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If you are reading this article, you most likely have electricity and heat at home and never think of that fact as at all remarkable.

Yet more than two billion people - one in three people on our planet - have no access to modern energy to light and heat the dwellings in which they live. The obstacles to energy access are not technical.

We know how to build power systems, design modern cooking stoves, and meet energy demand efficiently. What is missing is a global commitment to move energy access up the political and development agendas.

Half of the world's population uses solid fuel - such as wood, charcoal, or dung - for cooking. According to the World Health Organization, 1.6 million women and children die each year as a result of indoor smoke inhalation, more than those who lose their lives to malaria.

Add the pollutant emissions from such stoves, together with the deforestation that results from using firewood, and you have several pressing global challenges that can be tackled at once by closing the energy gap.

2030 vision

Efforts to close this gap have so far been insufficient in scale and scope. However, a plan of action now exists, developed in recent months by United Nations Secretary-General Ban Ki-moon's Advisory Group on Energy and Climate Change (AGECC).

The group brings together top UN officials and business executives, including representatives from Edison International, Statoil, Suntech Holdings and Vattenfall.

Through this innovative public-private partnership, we analysed global energy access and recommended in our resulting report that the international community committed itself to universal access to modern energy services by 2030. The report also called for a 40% reduction in global energy intensity by 2030, which, if implemented, would reduce global energy intensity at approximately double the historical rate.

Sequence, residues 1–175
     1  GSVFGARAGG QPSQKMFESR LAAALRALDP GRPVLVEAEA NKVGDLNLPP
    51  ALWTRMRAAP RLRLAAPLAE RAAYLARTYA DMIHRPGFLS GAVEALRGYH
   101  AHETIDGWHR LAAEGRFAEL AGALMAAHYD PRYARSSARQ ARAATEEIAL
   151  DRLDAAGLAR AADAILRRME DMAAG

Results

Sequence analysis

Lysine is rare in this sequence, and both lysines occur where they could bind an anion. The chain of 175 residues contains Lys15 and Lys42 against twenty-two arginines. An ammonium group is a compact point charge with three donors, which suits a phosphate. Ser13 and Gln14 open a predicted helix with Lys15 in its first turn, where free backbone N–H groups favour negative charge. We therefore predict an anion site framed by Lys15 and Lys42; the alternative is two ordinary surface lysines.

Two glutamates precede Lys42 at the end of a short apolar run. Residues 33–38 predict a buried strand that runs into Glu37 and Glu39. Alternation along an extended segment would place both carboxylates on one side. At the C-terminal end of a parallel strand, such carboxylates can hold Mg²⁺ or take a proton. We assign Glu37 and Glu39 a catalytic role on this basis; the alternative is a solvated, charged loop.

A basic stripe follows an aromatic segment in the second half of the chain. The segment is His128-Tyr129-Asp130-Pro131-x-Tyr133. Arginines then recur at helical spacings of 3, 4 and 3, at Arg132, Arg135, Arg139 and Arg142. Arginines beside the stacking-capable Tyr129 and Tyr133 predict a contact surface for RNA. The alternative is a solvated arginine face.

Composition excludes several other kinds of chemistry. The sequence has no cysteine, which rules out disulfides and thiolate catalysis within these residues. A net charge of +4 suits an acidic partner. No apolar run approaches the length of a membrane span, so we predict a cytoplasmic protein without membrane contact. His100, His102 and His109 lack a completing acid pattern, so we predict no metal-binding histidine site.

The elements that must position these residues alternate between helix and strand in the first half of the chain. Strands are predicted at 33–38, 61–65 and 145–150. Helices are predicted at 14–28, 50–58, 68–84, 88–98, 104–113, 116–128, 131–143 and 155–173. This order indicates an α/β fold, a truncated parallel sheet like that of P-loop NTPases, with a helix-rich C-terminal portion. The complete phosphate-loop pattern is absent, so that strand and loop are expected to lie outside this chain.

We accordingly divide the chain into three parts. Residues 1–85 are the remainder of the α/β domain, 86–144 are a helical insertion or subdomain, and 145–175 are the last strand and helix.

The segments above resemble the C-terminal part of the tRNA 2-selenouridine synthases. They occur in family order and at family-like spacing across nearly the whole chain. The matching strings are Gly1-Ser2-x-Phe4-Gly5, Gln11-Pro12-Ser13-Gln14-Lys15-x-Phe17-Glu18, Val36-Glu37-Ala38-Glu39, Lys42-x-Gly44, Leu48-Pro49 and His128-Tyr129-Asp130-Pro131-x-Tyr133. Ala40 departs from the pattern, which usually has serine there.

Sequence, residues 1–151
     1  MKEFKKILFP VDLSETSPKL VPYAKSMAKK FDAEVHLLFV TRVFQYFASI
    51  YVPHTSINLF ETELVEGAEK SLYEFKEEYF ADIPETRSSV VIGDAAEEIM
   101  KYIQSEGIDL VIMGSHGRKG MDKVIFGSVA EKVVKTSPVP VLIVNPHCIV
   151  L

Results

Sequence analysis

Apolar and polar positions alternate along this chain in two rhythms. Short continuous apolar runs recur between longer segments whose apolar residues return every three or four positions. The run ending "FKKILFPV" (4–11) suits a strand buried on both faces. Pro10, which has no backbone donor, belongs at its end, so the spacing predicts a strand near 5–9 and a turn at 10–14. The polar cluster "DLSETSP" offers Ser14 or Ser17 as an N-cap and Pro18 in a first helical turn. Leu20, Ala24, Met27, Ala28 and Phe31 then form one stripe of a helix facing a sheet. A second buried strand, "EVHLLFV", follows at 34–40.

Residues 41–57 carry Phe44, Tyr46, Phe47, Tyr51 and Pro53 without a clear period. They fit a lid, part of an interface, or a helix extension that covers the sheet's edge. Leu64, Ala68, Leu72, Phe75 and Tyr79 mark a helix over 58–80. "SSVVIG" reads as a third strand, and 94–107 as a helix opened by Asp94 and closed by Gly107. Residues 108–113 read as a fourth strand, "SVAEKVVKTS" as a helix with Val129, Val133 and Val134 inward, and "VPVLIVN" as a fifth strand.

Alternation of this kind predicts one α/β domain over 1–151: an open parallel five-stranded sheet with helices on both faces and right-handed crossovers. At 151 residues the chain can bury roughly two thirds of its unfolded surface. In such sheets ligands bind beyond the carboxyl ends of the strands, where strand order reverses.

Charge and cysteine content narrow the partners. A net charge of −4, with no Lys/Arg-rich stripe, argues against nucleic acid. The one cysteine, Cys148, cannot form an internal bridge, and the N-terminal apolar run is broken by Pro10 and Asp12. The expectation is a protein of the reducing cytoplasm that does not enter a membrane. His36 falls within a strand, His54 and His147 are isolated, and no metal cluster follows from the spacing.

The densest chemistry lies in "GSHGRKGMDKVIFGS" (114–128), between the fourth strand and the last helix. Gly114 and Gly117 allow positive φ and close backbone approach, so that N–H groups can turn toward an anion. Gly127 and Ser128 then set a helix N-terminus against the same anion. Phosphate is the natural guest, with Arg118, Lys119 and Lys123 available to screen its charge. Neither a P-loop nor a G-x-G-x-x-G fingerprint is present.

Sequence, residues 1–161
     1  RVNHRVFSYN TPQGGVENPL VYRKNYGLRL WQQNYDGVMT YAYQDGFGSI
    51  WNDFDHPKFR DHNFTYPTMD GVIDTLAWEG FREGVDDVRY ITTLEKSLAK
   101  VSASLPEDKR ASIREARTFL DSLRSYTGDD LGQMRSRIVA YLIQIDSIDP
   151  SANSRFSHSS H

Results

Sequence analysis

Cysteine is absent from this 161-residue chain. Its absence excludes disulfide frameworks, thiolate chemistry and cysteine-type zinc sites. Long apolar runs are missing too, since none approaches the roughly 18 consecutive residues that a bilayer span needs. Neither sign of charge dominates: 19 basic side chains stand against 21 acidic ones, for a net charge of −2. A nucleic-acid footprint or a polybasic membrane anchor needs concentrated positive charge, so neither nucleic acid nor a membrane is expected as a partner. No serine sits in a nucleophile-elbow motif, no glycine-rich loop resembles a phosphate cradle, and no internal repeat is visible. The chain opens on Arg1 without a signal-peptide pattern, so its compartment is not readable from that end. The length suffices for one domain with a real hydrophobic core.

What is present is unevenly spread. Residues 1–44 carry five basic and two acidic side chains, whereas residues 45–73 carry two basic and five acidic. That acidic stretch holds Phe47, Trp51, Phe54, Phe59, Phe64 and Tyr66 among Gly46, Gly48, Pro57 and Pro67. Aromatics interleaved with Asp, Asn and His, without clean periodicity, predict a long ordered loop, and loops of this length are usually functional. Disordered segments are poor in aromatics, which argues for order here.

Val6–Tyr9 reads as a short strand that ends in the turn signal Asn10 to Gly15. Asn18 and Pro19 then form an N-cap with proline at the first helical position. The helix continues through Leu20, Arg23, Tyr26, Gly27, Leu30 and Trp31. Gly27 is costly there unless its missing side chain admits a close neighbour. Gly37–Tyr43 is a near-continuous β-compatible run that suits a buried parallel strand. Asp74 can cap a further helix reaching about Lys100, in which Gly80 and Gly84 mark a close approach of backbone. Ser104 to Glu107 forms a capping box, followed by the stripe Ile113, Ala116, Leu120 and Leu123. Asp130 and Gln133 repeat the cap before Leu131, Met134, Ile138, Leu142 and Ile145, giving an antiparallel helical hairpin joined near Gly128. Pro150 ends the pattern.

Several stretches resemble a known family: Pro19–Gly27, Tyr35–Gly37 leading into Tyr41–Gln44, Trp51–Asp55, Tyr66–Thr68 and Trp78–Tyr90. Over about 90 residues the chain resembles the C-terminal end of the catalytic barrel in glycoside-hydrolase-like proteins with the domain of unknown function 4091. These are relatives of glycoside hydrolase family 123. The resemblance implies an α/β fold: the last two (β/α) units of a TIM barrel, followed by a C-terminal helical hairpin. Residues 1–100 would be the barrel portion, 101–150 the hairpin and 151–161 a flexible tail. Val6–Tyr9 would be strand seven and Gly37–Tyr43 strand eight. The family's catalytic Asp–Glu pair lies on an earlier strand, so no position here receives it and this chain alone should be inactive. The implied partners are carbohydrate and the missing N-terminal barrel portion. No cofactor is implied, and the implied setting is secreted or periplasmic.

The AGECC is now working on how best to deliver on the plan. This was the focus of the group's last meeting, held in Mexico City in July. It was hosted by the Carlos Slim Foundation, which works in support of implementing the Millennium Development Goals (MDGs) in policy areas such as health, deforestation, and closing the digital divide.

Sharing the benefits

Mexico will be the location for key UN climate talks later this year, and the AGECC is interacting with the country's energy ministry to ensure a co-ordinated and effective approach.The financial implications of ensuring universal energy access are large, but not overwhelming when weighed against the enormous benefits.

The International Energy Agency (IEA) estimates that over the next two decades, ensuring universal access to electricity would require about 10% of total annual investment in the energy sector, which can be mobilised by the private sector.

Universal energy access is a new market opportunity, but one that needs the right support to thrive. Many clean technologies are already available, so we are not talking about investing billions in research. It is a question of transferring the technologies and adapting them to local conditions and needs.

But increasing energy access is not only about supplying better, more efficient cooking stoves or light bulbs. To promote economic development and growth, energy services must also work in the interest of creating wealth and jobs by providing power for businesses and improving healthcare, education and transportation.

In September, world leaders will meet at the UN to assess progress on the MDGs. While there is no goal on energy, it is central to meeting the other MDGs, especially those concerning poverty and hunger, universal education and environmental sustainability.

Governments alone will not be able to deal with all of these challenges. We need a firm commitment from all sides: private businesses, academia, civil society and international organisations and NGOs.

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